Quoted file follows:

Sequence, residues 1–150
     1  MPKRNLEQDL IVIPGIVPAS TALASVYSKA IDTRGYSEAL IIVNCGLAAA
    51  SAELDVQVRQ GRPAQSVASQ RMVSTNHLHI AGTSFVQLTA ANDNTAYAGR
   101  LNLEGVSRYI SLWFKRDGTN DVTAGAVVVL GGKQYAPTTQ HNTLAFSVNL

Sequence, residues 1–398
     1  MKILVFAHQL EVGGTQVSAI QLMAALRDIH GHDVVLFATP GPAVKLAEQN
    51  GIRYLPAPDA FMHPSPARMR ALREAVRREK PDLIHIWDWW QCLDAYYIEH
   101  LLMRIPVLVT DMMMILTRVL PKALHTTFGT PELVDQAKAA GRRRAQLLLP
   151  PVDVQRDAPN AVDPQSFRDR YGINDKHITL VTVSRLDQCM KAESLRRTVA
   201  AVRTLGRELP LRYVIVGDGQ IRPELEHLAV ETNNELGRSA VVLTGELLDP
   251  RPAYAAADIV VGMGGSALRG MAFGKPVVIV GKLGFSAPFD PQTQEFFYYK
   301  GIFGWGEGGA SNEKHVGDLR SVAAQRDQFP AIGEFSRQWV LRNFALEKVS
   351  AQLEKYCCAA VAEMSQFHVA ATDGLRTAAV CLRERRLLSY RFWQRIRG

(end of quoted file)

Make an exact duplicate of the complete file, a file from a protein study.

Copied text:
Sequence, residues 1–150
     1  MPKRNLEQDL IVIPGIVPAS TALASVYSKA IDTRGYSEAL IIVNCGLAAA
    51  SAELDVQVRQ GRPAQSVASQ RMVSTNHLHI AGTSFVQLTA ANDNTAYAGR
   101  LNLEGVSRYI SLWFKRDGTN DVTAGAVVVL GGKQYAPTTQ HNTLAFSVNL

Sequence, residues 1–398
     1  MKILVFAHQL EVGGTQVSAI QLMAALRDIH GHDVVLFATP GPAVKLAEQN
    51  GIRYLPAPDA FMHPSPARMR ALREAVRREK PDLIHIWDWW QCLDAYYIEH
   101  LLMRIPVLVT DMMMILTRVL PKALHTTFGT PELVDQAKAA GRRRAQLLLP
   151  PVDVQRDAPN AVDPQSFRDR YGINDKHITL VTVSRLDQCM KAESLRRTVA
   201  AVRTLGRELP LRYVIVGDGQ IRPELEHLAV ETNNELGRSA VVLTGELLDP
   251  RPAYAAADIV VGMGGSALRG MAFGKPVVIV GKLGFSAPFD PQTQEFFYYK
   301  GIFGWGEGGA SNEKHVGDLR SVAAQRDQFP AIGEFSRQWV LRNFALEKVS
   351  AQLEKYCCAA VAEMSQFHVA ATDGLRTAAV CLRERRLLSY RFWQRIRG